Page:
Letters, Aug. 10, 1959

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Road to Success

SIR:

TIME HAS DONE A TREMENDOUS SERVICE TO CANCER CONTROL IN ITS JULY 27 STORY ON HELLER AND THE NATIONAL CANCER INSTITUTE. PUBLIC UNDERSTANDING OF CANCER AND ITS PROBLEMS WILL HASTEN SUCCESS.

CHARLES C. HANSBURY

EXECUTIVE DIRECTOR

AMERICAN CANCER SOCIETY

NEW JERSEY DIVISION

NEWARK

A Dip in Cold Water

Sir:

I feel, in justice to Westminster school, that I should reveal the unpalatable truth that [Britain's Labor Party leader] Mr. Hugh Gaitskell was educated at Winchester College, and not at Westminster, as stated in your issue of July 20.

The boys at Winchester have from time immemorial been obliged to take a dip in a tubful of cold water before breakfast—hangers-back being dunked forcibly. Ever since Mr. Gaitskell's rise to notoriety, there has been a rumor prevalent at his old school that it was his treatment in that institution which led to his subsequent quaint opinions about capitalists and, inter alia, the education of their progeny.

D. F. ROBSON

London

The Card Mart

Sir:

Thanks for a great story on the Washington Senators' "Awesome Foursome," the "Killers' Row" of current baseball [July 20]. The diehard fans of this team finally have something to keep their hopes alive. Even Casey Stengel takes cover when the Senators arrive.

CHET ANDERSON

Hyattsville, Md.

Sir:

In Sport you have a quote, "I'll give 20 [baseball cards] for one of Killebrew" and "twenty, too" for Allison, "but nobody's got any."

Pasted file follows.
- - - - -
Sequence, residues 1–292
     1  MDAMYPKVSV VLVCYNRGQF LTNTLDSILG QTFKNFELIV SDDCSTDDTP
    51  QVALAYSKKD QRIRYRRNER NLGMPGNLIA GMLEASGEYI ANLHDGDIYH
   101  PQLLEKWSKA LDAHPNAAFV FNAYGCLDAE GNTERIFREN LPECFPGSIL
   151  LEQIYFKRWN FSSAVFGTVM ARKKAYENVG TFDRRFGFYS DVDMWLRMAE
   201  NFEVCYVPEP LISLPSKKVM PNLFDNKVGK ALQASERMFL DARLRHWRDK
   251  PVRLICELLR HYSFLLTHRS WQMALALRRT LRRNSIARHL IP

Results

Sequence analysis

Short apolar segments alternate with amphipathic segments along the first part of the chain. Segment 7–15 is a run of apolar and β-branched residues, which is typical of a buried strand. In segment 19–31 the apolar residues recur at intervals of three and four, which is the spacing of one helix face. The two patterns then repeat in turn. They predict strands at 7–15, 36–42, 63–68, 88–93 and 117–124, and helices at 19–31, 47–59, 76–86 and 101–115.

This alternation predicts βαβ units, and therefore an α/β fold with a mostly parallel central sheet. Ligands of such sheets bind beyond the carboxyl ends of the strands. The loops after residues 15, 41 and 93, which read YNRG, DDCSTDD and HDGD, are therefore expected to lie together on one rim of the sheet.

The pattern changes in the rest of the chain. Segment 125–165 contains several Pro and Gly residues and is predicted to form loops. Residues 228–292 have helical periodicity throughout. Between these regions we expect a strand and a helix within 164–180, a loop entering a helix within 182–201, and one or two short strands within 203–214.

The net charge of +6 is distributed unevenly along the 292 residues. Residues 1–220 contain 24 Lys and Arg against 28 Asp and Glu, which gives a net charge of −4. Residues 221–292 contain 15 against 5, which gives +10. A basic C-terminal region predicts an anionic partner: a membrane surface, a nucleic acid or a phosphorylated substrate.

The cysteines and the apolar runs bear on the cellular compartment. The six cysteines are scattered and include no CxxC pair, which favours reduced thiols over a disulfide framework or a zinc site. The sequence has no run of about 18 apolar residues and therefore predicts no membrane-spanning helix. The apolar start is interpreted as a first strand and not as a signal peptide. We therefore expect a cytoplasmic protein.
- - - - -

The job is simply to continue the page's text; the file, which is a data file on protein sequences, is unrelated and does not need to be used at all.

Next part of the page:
I have Allisons about five times and Killebrew once. Mantle is worth five cards at the most, unless he hits 60.

BRIAN HARTSHORN (AGE 13)

Hollis, N.Y.

Sir:

I saw your story about baseball cards and the guy in Washington who will give 20 for a Bob Allison. Here is my Bob Allison, so please have him send me 20 cards, including a Mickey Mantle. P.S.: No doubles.

RUSTY MCKELLAR (AGE 9)

Pacific Palisades, Calif.

Twenty baseball cards, including a Mickey Mantle, are on their way to Reader McKellar (no doubles).—ED.

The Persuader

Sir:

In your issue of July 13, you inferred that I was engaging in a revolt against the leadership of Lyndon Johnson. That was not how I felt about it. He is the ablest majority leader in the history of the Senate. Don't blame me because I tried to persuade Johnson to do things my way. He persuades me to do them his way often enough.

RUSSELL LONG

United States Senate Washington

Men of Steel

Sir:

Congratulations on your fine cover article on Roger Blough of U.S. Steel [July 20]. It focuses attention on labor's power, organization and relative invulnerability to corporate restrictions, as compared to business.

J. H. CLARK

New York City

Sir:

Ten years ago most U.S. manufacturers could afford to export on a C.I.F. (cash-in-fist) basis. But today the manufacturer who wants export business does give credit terms abroad. One thing would aid U.S. manufacturers in export selling—having our Government backing them up on extended credit terms abroad, as do West Germany and the United Kingdom for their manufacturers.

RICHARD G. LURIE

Editor

American Exporter

New York City

Sir:

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